Meet some of our alumni from previous years’ institutes:
A native of the Upper West Side of Manhattan, Pamela Brenner (’14) attended Ma’ayanot Yeshiva High School in Teaneck, New Jersey. A proud alumna of the Tikvah Institute for High School Students, she credits Tikvah with connecting her to a community of passionate thinkers and innovators. While being exposed to new ideas and opinions, whether the topic was eighteenth century politics or Judaism and abortion, she connected with other participants, many of whom are now her closest friends. In her free time, she enjoys playing piano, soccer, reading and laughing with friends. Pamela is currently in Israel learning in the Stella K. Abraham Beit Midrash for Women – Migdal Oz of Yeshivat Har Etzion, after which she will attend Barnard College.
Jonathan Ellison (’12) is currently a junior at Yale University studying Economics and Political Science. He grew up in Charleston, South Carolina, in a nonconventional Jewish community and immersed in the wider community of the city. Leadership has always been important to Jonathan, and the Tikvah Institute for High School Students at Yale helped channel this passion and provided him with a more nuanced understanding of what leadership means from a Jewish perspective, overlaid with the classics. He has taken this understanding to his activities at university where he has been involved in groups such as the Yale Political Union, Yale Friends of Israel, or the water polo team. In retrospect, Jonathan is very grateful for the Tikvah Institute for the role that it has played in his development, especially as he looks to what lies ahead.
Dore Feith (’13) is a sophomore at Columbia University majoring in History. His interests include politics, international relations, current affairs, and American and Middle Eastern history. In addition to his major, Dore studies Arabic, and hopes to use the language to work in business and in national security policy. He enjoys serving on the board of Aryeh, Columbia Students for Israel, and also playing tennis and squash with classmates. At Tikvah, Dore learned to appreciate the study of political and moral philosophy. Since then, he has frequently channeled the knowledge and skills taught at Tikvah in speaking and writing about the texts assigned as part of Columbia’s Core Curriculum.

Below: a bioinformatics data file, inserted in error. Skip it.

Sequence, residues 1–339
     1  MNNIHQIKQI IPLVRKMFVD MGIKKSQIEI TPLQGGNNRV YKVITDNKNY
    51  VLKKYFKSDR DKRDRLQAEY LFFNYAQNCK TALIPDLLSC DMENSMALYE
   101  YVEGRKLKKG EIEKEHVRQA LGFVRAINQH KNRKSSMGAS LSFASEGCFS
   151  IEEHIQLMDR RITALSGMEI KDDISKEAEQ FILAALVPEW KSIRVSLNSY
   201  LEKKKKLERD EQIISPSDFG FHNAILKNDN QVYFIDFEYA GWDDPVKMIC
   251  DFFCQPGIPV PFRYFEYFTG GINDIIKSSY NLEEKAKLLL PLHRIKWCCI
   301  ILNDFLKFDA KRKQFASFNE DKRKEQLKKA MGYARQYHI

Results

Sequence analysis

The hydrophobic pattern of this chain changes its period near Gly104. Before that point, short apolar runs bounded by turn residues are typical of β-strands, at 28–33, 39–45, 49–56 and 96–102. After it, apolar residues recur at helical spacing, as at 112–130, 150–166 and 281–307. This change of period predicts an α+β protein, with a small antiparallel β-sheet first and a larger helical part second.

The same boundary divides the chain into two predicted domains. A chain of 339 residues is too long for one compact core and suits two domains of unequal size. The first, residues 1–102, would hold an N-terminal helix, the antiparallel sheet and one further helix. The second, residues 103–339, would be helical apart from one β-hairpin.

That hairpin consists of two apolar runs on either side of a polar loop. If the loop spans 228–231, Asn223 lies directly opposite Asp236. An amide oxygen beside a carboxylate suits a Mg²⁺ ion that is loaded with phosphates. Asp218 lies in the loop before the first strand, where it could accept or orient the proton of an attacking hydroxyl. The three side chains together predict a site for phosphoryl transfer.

Born in Brazil but most recently from Florida, Yael Lilienthal (’13) attended a community elementary school, a Modern Orthodox/B’nei Akiva middle school, and an all-girls Chabad high school. She spent two years learning at Migdal Oz where she engaged with various Jewish texts, specifically Gemara, and a few goat herds. Yael is studying at Princeton University where she is exploring linguistics and philology as well as continuing her Torah studies in hopes of pursuing Jewish education professionally. Since participating in the Tikvah Institute for High School Students, Yael has been in the Overseas Program, the “Thought, Literature and Politics” program, and the Campus Fellowship, and returned to intern for the high school program. She loves word games, ice cream, singing, making coffee, and throwing random Hebrew expressions into her conversations. Yael appreciates Tikvah for the exposure to new texts as well as the wonderful network of peers with whom she maintains a strong relationship.
Celeste Marcus (’14) is an intellectual history major in the College of Arts and Sciences at the University of Pennsylvania. She is a columnist for The Spectrum, the campus Government and Politics Association newspaper; founder of the Jewish and Western Thought Fellowship at The University of Pennsylvania; founder and editor in chief of Sanhedrion, a new undergraduate intercollegiate journal; and a member of the Tikvah Campus Fellowship. In her free time Celeste can be found reciting the entire Hamilton Broadway soundtrack. Before attending the high school institute, Celeste participated in a Tikvah course offered at her school, Kohelet Yeshiva High School. This was the first in a series of Tikvah experiences which have provided her with a world of fervent and sincere study; a peer group of learners committed to mutual respect and honest inquiry; and the remarkable depth and solidity of engaged, devoted and wise mentors and teachers.
Benjamin Simon (’15) is a senior at Gann Academy, a pluralistic Jewish high school in Waltham, Massachusetts. In school, he enjoys studying history, biology and Talmud. Outside of the classroom, Ben plays guitar in the school’s jazz band, sings a cappella, leads the mock trial team, and serves as editor-in-chief of the school’s weekly newspaper. Additionally, he volunteers at Gateways, a Hebrew school for children with special needs, and co-leads Gann’s Yachad chapter. He attended Tikvah’s Summer Institute for High School Students last summer. Ben found Tikvah to be intellectually rigorous and stimulating. In addition to illuminating the Jewish and Western texts being studied, the professors encouraged debate and engagement with each other. This dialogue often spilled out of the classroom into meal-time discussions and late-night debates in the dorms—moments that generated meaningful friendships.